From the costumes to the candy, Halloween is
one of the more exciting holidays of the year. However, exciting isn’t always a
positive thing when it comes to our dogs. We’ve outlined a few simple but
effective tips and tricks for the holiday that will ensure both you and your
dog have a fun but safe experience this Halloween.
Stash the Candy
Much of the candy you’ll be enjoying over the
next couple weeks is very dangerous for dogs. Chocolate in all forms is
toxic, no “ifs,” “ands” or “buts” about it.
Candy wrappers and treat bags are also very dangerous for pets. Ingested candy wrappers can result in an
unplanned trip to the vet. Watch for
signs such as vomiting, decreased energy or appetite as your dog may have
ingested something. Snack bags can turn deadly in a matter of minutes. Cut or
tear the empty bags twice (once along the bottom and once down a side), to make
it a flat sheet, and throw them away in sealed trash containers. Additionally, candies with the sugar
substitute xylitol can also cause serious illness in pets. Keep these treats
out of far reach to avoid any potential medical predicaments.
Practice the Costume
Pet-owners often enjoy dressing their furry
friends up for the night, but many animals find the costumes stressful and
uncomfortable. To avoid these issues, it’s best to try on the costume a few
times ahead of time. This allows your dog an opportunity to get used to the
costume and to make sure there are no obvious issues with the costume itself,
such as potential choking hazards or tight fabric that limits their mobility.
If practice doesn’t make perfect, it’s probably best to stick to the birthday
Put Those Decorations Up Even Higher
From batteries and glow stick liquid to the potential fire hazards of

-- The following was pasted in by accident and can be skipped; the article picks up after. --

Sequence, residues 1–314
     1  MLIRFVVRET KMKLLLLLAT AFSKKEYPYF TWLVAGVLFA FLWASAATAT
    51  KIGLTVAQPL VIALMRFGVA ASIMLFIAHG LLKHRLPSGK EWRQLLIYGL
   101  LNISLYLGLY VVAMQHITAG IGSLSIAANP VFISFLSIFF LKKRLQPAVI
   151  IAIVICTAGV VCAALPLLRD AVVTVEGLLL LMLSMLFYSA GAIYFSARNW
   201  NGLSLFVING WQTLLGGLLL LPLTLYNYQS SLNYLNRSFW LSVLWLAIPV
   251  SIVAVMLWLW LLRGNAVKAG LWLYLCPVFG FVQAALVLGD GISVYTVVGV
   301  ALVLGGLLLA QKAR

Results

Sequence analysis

lit jack-o-lanterns, it’s best to keep your Halloween decorations as far away
from the furry members of the family as possible. Old pumpkins and the like are
relatively non-toxic, but even so they can produce gastrointestinal issues when
consumed in large quantities. There is no substitute for vigilance.
Don’t Let the Dog Out
From the colorful costumes to the loud noises, your dog is likely to
have an anxious night if outside among the trick-or-treaters. Another reason to
keep your dog safely indoors is to help minimize territorial aggression. When
greeting trick or treaters at your home, it’s best for you to stay outside. You
can hand out candy and enjoy the visits while avoiding the triggers of
doorbells and door knocking that might be met with unexpected aggression.
However, the most important reason to keep your pets inside are the cruel
pranksters who find it funny to tease, hurt, or even steal pets on Halloween. Simply
put, dogs don’t understand the
“fun” of Halloween so it’s best to keep this a kid holiday. We wish you a safe
and fun Halloween… BOO!
If you suspect your pet has ingested something
toxic, please call your veterinarian or the ASPCA Poison Control Center at (888) 426-4435 immediately.